By Ginger DeShaney
They say variety is the spice of life, but you’d be hard-pressed to find any spices in a food pantry.
Stephanie Chace, nutritional literacy coordinator for Boston Public Library and organizer of its Spice Bank Collective, is on a mission to change that.
“It’s an idea I’ve carried with me for a very long time, probably 8 or 10 years,” she said. “Whenever I would see a call-out for a food pantry for people to donate, you would see the list of things that most pantries were looking for; nonperishables was ultimately the final message. Bring canned goods, bring boxed mac and cheese, and I was always kind of struck that spices, which are nonperishables, were never listed.
“So that always stuck with me. Now with food pantries really expanding what they can offer — including fresh vegetables — it seemed like the spice component was still missing.”
Stephanie doesn’t think the public is really aware of the lack of spices at food pantries. “With the fresh fruits and vegetables that are offered now, I thought, well, this is probably a good time to shepherd this in.”
So this month, Stephanie started the Spice Bank at 21 branches of the Boston Public Library, including the South Boston branch. The Greater Boston Food Bank delivered boxes to each branch.
There is also a drop-off point at the Newsfeed Cafe at the Central (Boylston Street) location. The cafe will match any donation it takes in, Stephanie said.
“That’s a really great added value. They are committing to this. We are grateful for that.”
Spices can be very expensive, Stephanie said.
“I think that with that expense, people are hesitant to try new foods and new recipes. There might be a recipe calling for a particular spice, like fenugreek, and if you’re on a budget, or even if you’re not, you don’t know if you really want to go there.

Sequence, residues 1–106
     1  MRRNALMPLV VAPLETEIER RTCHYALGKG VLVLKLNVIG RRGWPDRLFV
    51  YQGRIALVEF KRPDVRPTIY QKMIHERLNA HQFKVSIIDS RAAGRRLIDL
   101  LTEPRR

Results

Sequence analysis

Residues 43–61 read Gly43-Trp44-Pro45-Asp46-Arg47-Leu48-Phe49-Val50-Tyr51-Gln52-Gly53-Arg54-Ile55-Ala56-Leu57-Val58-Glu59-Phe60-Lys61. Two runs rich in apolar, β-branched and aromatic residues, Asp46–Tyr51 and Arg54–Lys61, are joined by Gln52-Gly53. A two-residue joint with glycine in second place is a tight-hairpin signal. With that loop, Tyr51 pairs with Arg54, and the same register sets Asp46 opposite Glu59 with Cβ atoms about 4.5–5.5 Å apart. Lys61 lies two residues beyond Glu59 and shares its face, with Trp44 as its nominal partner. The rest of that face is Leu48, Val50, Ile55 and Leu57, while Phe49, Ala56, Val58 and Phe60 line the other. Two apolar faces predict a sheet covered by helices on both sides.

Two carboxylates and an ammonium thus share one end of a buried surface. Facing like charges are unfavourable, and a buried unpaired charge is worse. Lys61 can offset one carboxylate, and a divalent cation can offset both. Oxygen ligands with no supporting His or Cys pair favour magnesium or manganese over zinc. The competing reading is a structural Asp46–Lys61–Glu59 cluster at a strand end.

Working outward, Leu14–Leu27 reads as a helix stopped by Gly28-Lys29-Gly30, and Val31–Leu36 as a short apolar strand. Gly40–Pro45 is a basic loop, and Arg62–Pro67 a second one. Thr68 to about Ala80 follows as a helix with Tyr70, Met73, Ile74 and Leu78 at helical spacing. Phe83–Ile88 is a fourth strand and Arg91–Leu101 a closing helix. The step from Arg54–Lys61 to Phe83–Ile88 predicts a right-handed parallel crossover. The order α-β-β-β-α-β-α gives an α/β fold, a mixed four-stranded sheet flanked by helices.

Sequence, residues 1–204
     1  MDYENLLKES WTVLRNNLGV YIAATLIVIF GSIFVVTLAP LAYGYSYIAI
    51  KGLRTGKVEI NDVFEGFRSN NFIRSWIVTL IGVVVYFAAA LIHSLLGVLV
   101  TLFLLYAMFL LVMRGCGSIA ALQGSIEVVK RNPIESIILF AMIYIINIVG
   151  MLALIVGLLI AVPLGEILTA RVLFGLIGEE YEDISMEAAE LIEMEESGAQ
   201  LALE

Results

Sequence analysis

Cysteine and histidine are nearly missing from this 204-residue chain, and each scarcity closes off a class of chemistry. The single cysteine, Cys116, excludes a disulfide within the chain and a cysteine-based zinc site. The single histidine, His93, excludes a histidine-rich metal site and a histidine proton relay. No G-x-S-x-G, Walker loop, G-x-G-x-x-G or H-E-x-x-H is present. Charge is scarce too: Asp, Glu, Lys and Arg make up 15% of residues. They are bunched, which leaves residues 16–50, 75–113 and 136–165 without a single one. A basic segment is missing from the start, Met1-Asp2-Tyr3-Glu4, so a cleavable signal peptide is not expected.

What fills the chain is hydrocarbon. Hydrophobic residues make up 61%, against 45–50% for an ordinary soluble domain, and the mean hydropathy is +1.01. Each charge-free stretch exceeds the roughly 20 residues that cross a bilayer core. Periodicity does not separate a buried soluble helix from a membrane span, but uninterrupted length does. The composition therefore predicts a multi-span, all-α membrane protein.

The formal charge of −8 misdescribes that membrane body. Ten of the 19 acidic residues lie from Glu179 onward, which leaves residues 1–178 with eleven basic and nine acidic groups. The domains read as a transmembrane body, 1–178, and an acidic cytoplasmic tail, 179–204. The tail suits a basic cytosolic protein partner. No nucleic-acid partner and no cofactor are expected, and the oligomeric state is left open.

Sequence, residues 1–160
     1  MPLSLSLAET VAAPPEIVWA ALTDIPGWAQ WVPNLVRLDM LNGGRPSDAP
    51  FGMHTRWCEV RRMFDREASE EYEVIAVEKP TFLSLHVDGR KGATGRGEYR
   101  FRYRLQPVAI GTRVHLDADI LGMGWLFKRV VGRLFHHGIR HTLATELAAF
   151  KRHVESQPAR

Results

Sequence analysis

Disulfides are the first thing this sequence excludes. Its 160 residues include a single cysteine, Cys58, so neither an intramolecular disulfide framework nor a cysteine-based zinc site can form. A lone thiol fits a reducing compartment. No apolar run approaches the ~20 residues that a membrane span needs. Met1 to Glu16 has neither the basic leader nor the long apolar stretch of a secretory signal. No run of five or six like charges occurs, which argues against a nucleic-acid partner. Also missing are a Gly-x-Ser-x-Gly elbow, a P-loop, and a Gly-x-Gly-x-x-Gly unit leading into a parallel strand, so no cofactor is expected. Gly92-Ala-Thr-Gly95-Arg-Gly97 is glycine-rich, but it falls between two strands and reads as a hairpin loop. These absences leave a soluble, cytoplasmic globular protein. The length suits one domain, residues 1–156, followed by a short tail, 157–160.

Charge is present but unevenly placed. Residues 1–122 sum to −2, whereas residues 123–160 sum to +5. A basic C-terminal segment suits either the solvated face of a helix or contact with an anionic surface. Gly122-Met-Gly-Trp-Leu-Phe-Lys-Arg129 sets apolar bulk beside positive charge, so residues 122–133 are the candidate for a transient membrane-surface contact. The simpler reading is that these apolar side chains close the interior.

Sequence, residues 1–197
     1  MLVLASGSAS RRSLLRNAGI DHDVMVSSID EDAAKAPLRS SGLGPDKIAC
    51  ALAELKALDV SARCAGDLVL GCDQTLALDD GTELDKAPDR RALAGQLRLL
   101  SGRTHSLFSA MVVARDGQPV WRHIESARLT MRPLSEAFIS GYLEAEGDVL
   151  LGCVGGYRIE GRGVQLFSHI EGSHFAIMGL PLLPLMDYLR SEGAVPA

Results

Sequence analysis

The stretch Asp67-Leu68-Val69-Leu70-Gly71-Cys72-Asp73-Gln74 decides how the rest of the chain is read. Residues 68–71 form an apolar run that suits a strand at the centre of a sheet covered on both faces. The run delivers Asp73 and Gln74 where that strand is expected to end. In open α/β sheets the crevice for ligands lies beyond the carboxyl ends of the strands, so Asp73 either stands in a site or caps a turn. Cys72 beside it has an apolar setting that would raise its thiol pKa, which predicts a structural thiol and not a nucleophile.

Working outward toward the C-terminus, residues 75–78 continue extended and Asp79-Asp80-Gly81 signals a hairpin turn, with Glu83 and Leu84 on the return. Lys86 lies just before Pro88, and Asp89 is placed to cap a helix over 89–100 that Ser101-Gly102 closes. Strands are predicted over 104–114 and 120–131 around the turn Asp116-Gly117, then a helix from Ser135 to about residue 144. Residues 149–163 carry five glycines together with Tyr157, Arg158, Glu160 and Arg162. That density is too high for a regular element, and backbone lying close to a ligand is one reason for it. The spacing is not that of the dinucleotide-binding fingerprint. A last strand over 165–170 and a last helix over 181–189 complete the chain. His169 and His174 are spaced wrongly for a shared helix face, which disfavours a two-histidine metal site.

“The way I see spices and the role they play in people’s lives and in food, it’s a way to maintain a cultural identity, so mental health there, and then family traditions, emotional well-being,” Stephanie added. “Having spices encourages creative and nutritional cooking.”
Packaged goods are typically high in sodium, she said. “When you’re working with spices and dried herbs, you’re controlling your flavor, you’re connecting with your traditions, so I think that is the element of spices at play.”
The Spice Bank will run through 2022.
People can drop off unopened, unexpired, sealed containers of spices and dried herbs at their nearest branch. “It’s however people are moved,” Stephanie said. “Whatever they want to give.”
You can drop off spices and herbs at the South Boston branch from 10 a.m. to 6 p.m. Monday through Wednesday, noon to 8 p.m. Thursday, and 9 a.m. to 5 p.m. Friday. Stephanie suggests going to the circulation desk to drop off the spices since the boxes may not be on the floor.
“Don’t put the spices in the book drop!”
Each branch will choose which pantry they want to donate to for the year. If a branch doesn’t have one in mind, the Greater Boston Food Bank will help them locate one.
Stephanie did a Spice Bank pilot program in 2019 at the Faneuil branch and it received 135 containers that went to the ABCD Food Pantry in the Brighton area.
“I’m excited that it’s happening,” Stephanie said. “I think where people have been wanting to give to food banks and maybe lately haven’t been, this is a new opportunity to do something different.
“They are welcome to come and do something different and donate spices to our Spice Bank Collective.”